Neil Parish MP, speaking in Westminster Hall debate on Iran and the proposed nuclear deal, expressed his concerns over the ability of the international community to enforce Iranian compliance with the terms of the provisional agreement.
Neil Parish (Tiverton and Honiton) (Con): It is good to serve under your chairmanship, Mr Hollobone, and I thank my hon. Friend the Member for Aberconwy (Guto Bebb) for securing this debate.
I want to discuss the principles behind the forthcoming agreement. American Presidents in their second term are—dare I say it?—dangerous, because they are looking to leave legacies, and those who might struggle to leave a legacy look even harder. We must be careful that that is not what the agreement is about. I have much respect for my hon. Friend the Member for South Norfolk (Mr Bacon), who is a great friend of mine, but I entirely disagree with him. Will there be a pecking order for terrorism as to which groups are the worst? I think not. In our desire, which is quite right, to have Iranian help to deal with ISIS, I worry that we are blind to what is actually happening in Iran. We must be careful if we take that line.
Rehman Chishti (Gillingham and Rainham) (Con): The point has been made that Iran is supporting the international community to defeat Daesh or Faesh. I think that that is completely wrong. The G7 statement says that we must first defeat the Assad regime to defeat Daesh, but as long as Iran is supporting the Assad regime, we cannot defeat Daesh or Faesh. That point must be clear.
Neil Parish: My hon. Friend makes a good point. The middle east is complex and contains states such as Iran that will sponsor terrorism. It is something that none of us wants to foresee, but the idea of Iran, with its attitudes towards its neighbours, especially towards Israel, having a nuclear weapon and being capable of using it is abominable.
Why does Iran need so much enriched uranium? We could go through the figures all day, but I do not intend to go into them again. I do not believe that Iran needs uranium just to create nuclear power stations; it wants to enrich it. Why does Iran not allow proper access for us to see what is going on? If we were allowed better access, we could stand up in this Chamber and say what a delight it is that we are able to go all over Iran and see exactly what it is enriching and what it is not, but we have no real idea, because we are not allowed access. We have a fairly good estimate of what might be going on, which in itself is far too much.
I am from the west of England and have the same trouble as my hon. Friend from the north of England, the hon. Member for Brigg and Goole (Andrew Percy) in pronouncing such words, but consider the Bushehr nuclear power station. It uses Russian technology— I first upset the Americans and now the Russians, so I will perhaps upset everyone this morning—and I am not always delighted with Russian technology or with Russian nuclear power stations. The idea of such a combination does not bode well. It no good our sitting here, putting our rose-tinted glasses on and saying, “Let’s do a deal with Iran”—dare I say it?—“at all costs.” I have great faith in the Minister here today and Britain must stand up and be sensible about this matter. If we are actually to reduce terrorism in the middle east and to make the region more secure, we cannot possibly have an Iran with the capability to make a nuclear bomb.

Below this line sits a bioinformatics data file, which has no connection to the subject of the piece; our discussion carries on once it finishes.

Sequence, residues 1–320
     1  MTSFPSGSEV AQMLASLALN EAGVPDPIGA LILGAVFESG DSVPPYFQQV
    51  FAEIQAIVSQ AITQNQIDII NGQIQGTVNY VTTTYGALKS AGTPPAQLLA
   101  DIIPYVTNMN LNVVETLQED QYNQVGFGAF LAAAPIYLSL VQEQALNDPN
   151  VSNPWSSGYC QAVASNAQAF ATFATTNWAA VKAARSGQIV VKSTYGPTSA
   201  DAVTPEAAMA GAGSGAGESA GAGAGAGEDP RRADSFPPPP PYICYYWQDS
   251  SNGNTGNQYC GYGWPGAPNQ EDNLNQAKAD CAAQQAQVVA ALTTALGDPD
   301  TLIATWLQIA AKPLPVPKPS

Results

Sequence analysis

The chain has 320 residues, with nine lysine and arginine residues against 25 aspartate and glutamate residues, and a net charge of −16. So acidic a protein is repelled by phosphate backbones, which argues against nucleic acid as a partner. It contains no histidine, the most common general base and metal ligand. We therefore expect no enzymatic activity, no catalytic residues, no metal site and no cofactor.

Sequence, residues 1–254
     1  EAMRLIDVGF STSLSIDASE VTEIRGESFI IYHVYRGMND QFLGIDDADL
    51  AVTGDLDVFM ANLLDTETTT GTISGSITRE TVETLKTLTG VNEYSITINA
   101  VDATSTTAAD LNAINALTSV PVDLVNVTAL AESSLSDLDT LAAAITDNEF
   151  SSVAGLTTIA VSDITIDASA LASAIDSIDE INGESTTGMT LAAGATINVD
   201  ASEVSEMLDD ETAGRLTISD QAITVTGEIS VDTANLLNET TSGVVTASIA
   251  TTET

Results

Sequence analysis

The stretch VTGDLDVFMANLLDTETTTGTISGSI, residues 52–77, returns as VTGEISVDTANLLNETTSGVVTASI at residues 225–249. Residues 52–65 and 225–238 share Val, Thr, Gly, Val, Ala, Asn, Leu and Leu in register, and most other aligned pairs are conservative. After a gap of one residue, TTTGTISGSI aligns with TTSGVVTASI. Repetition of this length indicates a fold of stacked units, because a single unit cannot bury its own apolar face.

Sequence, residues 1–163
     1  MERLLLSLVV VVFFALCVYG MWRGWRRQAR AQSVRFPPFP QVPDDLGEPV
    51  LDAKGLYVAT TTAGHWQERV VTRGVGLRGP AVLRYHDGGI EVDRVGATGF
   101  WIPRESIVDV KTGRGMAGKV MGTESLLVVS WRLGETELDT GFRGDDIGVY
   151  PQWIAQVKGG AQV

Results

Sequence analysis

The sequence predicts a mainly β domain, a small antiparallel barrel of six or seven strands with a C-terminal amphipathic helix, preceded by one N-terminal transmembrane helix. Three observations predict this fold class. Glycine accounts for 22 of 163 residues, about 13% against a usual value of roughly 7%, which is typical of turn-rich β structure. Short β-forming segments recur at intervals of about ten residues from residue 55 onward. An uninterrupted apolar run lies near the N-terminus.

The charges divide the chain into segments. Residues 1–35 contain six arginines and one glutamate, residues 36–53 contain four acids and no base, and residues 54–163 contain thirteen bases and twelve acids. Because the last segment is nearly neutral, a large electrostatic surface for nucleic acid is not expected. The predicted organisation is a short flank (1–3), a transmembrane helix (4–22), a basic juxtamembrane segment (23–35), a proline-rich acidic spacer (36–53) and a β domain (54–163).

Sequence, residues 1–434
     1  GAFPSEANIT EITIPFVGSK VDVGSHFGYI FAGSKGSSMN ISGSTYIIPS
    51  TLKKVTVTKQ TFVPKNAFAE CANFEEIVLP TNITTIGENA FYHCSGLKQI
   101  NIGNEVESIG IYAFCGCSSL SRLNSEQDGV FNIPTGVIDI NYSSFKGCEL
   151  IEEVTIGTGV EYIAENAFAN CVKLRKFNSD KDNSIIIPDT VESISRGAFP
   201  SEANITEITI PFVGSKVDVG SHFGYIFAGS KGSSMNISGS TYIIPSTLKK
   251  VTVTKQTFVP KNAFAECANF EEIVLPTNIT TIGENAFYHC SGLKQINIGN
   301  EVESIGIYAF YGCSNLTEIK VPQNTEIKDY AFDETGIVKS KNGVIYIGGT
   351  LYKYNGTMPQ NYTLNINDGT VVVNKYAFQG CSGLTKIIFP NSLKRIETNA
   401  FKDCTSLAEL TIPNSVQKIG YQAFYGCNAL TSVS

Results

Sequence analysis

The agreement mentions 10 to 15 years of control, but that is just not enough. Ten to 15 years passes almost in the blink of an eye. I would love to think that we could talk of a wonderfully peaceful middle east in 10 to 15 years. Call me cynical, but I do not believe that that will be the case—although I hope that it is. We must stand up to such states. It is no good sitting here saying, “It’s okay. Let’s have an agreement and brush all the problems under the carpet because they don’t really exist.” Oh yes they do. They exist and Iran will have that capability.
We have debated the matter thoroughly this morning. We need to have our eyes open. I want to hear from the Minister about the British position and not about some nice, cosy and lovely agreement that makes everyone feel warm. What is actually happening in Iran? What are we doing about getting inspectors in? I cannot see how we can sign any agreement until we know exactly what is going on.
Hansard source (Citation: HC Deb, 16 June 2015, c14WH)